The Road is Long…

You’ve been traveling all day. The road is dusty, and long, and it’s been hours since you’ve seen another soul. It’s getting late, and the thought of sleeping on the ground and potentially getting eaten by wolves is unappealing.

Finally, up ahead, you spy a man with a cart. It’s old and lists to one side, but this is a good sign. Surely he’s coming from somewhere. You hail him, and he raises a hand in return, seeming friendly enough.

“Is the a town up ahead?” you ask once you’re close enough.

“Aye,” says the farmer.

“One with an inn?” you ask, scarcely daring to hope. You’d give anything for a roof over your head. More for a warm, dry bed.

“Aye,” says the farmer again. “Not far now.”

Then he is gone, and you forge ahead, dreams of warmth and fire and food vivid in your mind.

Still, the day drags on, and your hope fades. The sun continues its descent, and there is still nothing. But then, finally, there is a break in the trees, and the outline of buildings against the red sky. So close now. You stumble into town, asking directions of a small child gathering water at the well. Following his directions, the building in question arises out of the dark, like a lover, welcoming and open. Your savior, your place of refuge…

So the small, mobile ones are on spring break (which, with the snow days last week, means I’m going a bit mad) and we’re up to our normal shenanigans. This week we’re making a town out of toilet paper rolls I’ve been hoarding. (Though the dog has gotten a few. She loves to eat them, Landsquid knows why.)

The town keeps relocating so it’s kind of an adventure as to where you’re going to find it next.

(All the buildings have lobsters on the roofs because the small, mobile ones were overjoyed by the idea.)

We also celebrated the first day of spring by planting flowers in a pink dinosaur, as you do.

(Note the snow on the ground outside. The littler, mobile one is confused why there is still snow if it is now spring.)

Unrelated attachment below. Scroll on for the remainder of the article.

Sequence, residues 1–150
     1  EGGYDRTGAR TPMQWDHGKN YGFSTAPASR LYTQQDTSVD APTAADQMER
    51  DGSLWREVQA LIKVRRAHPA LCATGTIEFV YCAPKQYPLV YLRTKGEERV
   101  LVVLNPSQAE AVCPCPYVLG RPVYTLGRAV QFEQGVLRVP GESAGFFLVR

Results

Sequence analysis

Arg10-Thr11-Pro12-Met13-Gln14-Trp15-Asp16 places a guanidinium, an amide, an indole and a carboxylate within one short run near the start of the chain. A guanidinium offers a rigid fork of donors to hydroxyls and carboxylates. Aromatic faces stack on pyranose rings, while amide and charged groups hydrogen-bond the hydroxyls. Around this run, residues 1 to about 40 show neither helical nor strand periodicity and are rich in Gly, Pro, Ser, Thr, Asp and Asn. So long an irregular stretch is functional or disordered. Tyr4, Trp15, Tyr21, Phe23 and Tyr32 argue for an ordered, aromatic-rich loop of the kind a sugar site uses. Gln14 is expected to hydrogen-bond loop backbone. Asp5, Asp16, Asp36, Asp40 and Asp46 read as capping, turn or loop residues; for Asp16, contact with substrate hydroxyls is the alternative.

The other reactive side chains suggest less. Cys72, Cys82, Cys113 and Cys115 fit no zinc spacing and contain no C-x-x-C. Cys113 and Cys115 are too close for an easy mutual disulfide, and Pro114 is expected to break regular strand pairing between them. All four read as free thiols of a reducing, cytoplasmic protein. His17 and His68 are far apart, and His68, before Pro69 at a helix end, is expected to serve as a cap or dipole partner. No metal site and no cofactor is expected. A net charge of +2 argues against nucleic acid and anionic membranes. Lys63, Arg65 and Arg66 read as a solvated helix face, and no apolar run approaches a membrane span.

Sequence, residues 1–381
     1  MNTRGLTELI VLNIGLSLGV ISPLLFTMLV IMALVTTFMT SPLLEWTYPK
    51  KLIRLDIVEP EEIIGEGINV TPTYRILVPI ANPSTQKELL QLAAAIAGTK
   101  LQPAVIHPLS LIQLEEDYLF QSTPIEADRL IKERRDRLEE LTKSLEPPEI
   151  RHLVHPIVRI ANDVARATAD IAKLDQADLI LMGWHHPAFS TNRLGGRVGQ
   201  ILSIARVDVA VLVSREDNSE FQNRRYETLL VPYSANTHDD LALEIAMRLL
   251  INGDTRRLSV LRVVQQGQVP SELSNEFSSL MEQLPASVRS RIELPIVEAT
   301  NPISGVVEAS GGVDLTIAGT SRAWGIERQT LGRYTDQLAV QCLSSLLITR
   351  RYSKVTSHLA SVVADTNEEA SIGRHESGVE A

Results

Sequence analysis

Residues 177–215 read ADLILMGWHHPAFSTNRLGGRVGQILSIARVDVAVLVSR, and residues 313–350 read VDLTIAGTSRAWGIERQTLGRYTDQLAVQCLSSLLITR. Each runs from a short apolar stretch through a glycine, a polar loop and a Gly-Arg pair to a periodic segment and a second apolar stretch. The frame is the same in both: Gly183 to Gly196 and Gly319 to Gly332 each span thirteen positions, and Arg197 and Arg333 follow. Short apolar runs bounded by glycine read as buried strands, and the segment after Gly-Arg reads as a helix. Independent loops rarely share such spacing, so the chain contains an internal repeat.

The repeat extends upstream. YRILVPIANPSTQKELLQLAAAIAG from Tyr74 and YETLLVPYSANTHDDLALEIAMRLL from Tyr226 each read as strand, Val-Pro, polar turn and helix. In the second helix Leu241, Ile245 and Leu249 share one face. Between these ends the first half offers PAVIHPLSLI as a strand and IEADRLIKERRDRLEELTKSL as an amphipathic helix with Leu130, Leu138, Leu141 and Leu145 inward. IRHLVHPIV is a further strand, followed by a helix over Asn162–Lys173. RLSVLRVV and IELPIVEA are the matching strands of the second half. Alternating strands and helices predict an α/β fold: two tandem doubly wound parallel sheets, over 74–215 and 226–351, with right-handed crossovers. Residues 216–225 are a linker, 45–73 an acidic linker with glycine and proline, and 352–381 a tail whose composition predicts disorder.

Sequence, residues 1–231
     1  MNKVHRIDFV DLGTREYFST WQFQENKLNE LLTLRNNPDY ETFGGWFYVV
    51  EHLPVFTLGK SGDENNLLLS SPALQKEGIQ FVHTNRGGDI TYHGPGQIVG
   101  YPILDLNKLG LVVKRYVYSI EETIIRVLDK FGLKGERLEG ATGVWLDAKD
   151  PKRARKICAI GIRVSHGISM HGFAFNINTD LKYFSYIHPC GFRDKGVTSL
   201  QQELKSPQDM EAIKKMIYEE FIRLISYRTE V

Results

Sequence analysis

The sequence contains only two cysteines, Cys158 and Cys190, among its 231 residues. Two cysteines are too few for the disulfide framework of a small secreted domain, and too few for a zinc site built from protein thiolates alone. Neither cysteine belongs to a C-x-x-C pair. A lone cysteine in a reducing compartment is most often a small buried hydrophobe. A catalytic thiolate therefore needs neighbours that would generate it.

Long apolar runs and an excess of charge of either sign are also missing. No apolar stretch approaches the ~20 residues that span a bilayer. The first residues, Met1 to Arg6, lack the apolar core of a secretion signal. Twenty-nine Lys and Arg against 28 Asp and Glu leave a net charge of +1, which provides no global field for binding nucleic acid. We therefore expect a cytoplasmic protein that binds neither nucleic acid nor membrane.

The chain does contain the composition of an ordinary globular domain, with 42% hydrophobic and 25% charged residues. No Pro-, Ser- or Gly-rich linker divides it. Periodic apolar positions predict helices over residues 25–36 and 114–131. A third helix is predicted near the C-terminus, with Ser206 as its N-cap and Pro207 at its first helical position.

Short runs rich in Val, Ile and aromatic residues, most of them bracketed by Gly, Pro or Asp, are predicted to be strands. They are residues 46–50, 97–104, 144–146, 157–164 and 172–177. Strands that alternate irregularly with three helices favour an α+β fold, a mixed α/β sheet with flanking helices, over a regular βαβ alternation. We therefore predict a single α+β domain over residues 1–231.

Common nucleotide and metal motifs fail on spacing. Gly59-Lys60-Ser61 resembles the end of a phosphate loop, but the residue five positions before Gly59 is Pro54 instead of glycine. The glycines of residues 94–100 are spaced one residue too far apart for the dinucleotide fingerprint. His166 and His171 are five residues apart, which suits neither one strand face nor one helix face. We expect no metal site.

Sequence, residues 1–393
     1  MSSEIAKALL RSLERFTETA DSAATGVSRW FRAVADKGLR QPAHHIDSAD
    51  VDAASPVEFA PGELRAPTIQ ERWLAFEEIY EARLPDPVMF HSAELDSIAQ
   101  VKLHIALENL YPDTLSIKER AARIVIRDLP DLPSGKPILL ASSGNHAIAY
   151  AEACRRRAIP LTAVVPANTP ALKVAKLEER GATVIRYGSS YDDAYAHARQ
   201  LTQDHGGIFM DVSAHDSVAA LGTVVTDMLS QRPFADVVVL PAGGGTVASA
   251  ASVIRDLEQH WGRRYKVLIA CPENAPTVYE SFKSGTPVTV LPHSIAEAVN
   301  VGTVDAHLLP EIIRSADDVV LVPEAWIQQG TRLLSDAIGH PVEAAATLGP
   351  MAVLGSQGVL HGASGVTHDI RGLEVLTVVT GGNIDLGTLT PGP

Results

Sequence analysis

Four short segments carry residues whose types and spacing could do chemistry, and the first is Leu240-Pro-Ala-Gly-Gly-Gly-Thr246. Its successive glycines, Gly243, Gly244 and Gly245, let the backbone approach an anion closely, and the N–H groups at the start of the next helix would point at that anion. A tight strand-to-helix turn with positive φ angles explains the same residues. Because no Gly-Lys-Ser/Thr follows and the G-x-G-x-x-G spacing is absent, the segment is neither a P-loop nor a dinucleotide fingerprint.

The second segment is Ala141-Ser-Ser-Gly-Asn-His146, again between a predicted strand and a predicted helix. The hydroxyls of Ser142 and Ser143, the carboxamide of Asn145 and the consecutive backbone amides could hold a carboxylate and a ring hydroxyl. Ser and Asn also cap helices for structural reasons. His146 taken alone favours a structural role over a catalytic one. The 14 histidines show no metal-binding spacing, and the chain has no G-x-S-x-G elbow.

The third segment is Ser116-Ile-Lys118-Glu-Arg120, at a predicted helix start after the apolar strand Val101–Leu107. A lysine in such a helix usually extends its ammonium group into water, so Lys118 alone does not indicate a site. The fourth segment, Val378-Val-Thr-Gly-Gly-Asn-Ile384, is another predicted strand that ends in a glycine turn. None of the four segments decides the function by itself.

Been up to anything fun lately, squiders? Ideas for our growing town?

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Workbooks and Journals, Oh My

So! It turns out that said journal class I had? Not a class so much as a collection of demos of how to make journals. Ah, well.

And also, the whole thing is kind of obvious in retrospect. There are some good pointers and tips, certainly. But the class is for making journals in Canva (I love Canva, I like to make book covers in it, though sometimes they prove too complicated–To Rule the Stars was made in Canva, for example, but Love Shines Through had to be done in Photoshop) and Canva has changed how it works over the past two years (madness, she says sarcastically) so the actual physical journal making isn’t as helpful as perhaps it would have been.

That said, I’m 14 pages into the first workbook (each section has different exercises, so it’s kind of slow going) and made an entire 98-page journal in about an hour this morning.

Title Page of the Workbook in Canva

Kind of fun. A little aggravating. I just realized one of the fonts I’m using I also used on the To Rule the Stars cover so that’s a bit funny. (It’s a nice font, though, so I’m not sorry.)

I’m not making amazing progress on anything (I got T-boned by a car running a red light last Friday, so a thoroughly-annoying amount of my time has been dedicated to that).

(Everyone is okay.)

But I am done with the major revision on the first nonfic book. And assuming it doesn’t spawn any more companion books (the journal came out of nowhere when I was doing my final organization of the book and workbook, as did a freebie that I still need to make), the workbook should be done by the end of the week. And then it’s on to Common Writing Mistakes (no companion books, hopefully), and then Outlining (probably not a companion book?), which should go a little faster.

How are you today, squiders?

WriYe and Editing

First of all, fantastic news, squiders! They found my journal/workbook class for me! Hallelujah! Words can describe how happy I am about this development. (Now to get on it.)

It’s editing month at WriYe (probably to line up with NaNoEdMo–National Novel Editing Month–is that still a thing? I’ve been in the online monthly challenge community for so long I can’t keep track anymore.) and so this month’s blog circle questions have to do with that.